Format of Retrospective

Last post 03:32 pm October 14, 2021
by Ian Mitchell
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07:11 pm October 13, 2021

In the previous version of Scrum guide, there were 3 questions to discuss in daily call. But it was removed as the developers can decide whatever structure they want.

Sameway I see for retrospective, it is given in guide as below,

The Scrum Team discusses what went well during the Sprint, what problems it encountered, and how those problems were (or were not) solved.

which also looks like a format or alteast used as a format in lot of tools for retrospective. Not a problem just my viewpoint.

10:24 pm October 13, 2021

Agreed, the new Scrum Guide has softened prescriptive language because over the past decade it had become more prescriptive.

There are other examples too: Product Backlog item attributes, shorter sections (i.e. Sprint cancellation).

 

11:56 am October 14, 2021

I see where you're coming from, but I've never really viewed that sentence as a description of a format. I've tended to view it as an extension of the purpose of the Sprint Retrospective:

The purpose of the Sprint Retrospective is to plan ways to increase quality and effectiveness.

Talking about things that didn't go well, what problems came up, and if and how the team solved those problems seems like a natural way to accomplish the purpose. However, talking about things that went well is also essential but may not be quite as obvious. When things happen that lead to success, I've found it helpful to talk about those and see if it is possible to repeat those things in the future or keep those things in mind when making decisions.

I see it as more of a reminder to also remember the good things. Personally, I like to end my retrospectives with the positive. I've found that leaving the discussion on a positive note helps the team feel better going into the next Sprint, especially after Sprints where things didn't go well or the goal wasn't met. A reminder to think about the things that went well is a good thing.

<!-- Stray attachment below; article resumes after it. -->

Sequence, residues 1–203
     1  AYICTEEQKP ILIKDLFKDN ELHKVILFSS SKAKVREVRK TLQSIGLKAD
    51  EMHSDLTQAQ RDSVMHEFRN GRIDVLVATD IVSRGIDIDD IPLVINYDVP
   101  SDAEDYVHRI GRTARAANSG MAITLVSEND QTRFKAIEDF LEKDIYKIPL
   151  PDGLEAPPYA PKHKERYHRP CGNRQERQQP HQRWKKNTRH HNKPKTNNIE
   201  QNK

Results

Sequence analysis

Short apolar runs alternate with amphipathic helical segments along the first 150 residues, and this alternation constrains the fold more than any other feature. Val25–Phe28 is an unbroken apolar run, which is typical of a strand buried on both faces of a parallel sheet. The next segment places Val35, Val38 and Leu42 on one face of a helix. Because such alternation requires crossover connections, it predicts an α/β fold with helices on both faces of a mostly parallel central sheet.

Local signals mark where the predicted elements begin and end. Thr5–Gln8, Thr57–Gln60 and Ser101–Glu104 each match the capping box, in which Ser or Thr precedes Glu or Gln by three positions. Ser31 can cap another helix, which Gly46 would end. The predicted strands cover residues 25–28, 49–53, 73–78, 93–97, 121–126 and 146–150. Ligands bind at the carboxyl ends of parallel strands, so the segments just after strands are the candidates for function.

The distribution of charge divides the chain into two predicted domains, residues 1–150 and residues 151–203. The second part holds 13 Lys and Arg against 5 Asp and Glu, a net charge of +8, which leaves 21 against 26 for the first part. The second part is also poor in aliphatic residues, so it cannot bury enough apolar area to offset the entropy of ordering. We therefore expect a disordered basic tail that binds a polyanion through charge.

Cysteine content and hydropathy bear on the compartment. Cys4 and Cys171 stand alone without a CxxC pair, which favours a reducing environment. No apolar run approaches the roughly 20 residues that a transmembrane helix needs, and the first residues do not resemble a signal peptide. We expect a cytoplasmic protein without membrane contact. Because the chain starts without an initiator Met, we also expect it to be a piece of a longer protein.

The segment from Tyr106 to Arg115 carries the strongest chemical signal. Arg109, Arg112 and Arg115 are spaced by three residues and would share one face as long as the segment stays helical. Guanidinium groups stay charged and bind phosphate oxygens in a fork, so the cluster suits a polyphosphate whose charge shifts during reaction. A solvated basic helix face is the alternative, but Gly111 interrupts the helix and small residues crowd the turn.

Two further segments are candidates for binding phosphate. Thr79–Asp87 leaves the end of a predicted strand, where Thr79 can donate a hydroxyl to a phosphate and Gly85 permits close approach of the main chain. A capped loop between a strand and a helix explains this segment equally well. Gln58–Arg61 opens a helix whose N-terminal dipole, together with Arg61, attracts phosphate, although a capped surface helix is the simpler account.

02:34 pm October 14, 2021

I'm amazed at how hard people try to find process or rules within the Scrum Guide.  It is clearly stated that Scrum is a framework.  And if you look at any of the dictionary sites on the web it is clear that a framework is a supporting structure.  Much like the frame that supports a building. It shapes the building and can create separate rooms. However any of those rooms can be used for whatever the occupants of the building choose.  Even rooms with plumbing can be used for things other than bathrooms or kitchens.

The word Retrospective is also pretty clear in all of the definitions in the web's dictionary sites.  Some of them will say something similar to "given to the act of retrospect".  But in the end, the word is about the act of reflecting on the past. Not reflecting on the bad things of the past or the good things of the past.  Just on the past.  Pair that with empiricism, which is the heart of all things agile, and it seems pretty obvious that the Retrospective is an opportunity to inspect the past and learn. 

How a team chooses to accomplish that activity is entirely up to the team.  There is no standard way.  There is no prescribed way.  There is just the guidance of why it is important. My experience shows that doing the same thing the same way becomes a routine and is not interesting. Sometimes that is unavoidable. But if possible, varying the way that things are done can make them more enjoyable and engaging. 

Stop looking for "the right way" and start using the "the right way for right now". 

03:32 pm October 14, 2021

it is given in guide as below,

The Scrum Team discusses what went well during the Sprint, what problems it encountered, and how those problems were (or were not) solved.

which also looks like a format or alteast used as a format in lot of tools for retrospective.

The Scrum Guide says, in the same paragraph, "Inspected elements often vary with the domain of work". Does it really look like a format is being offered?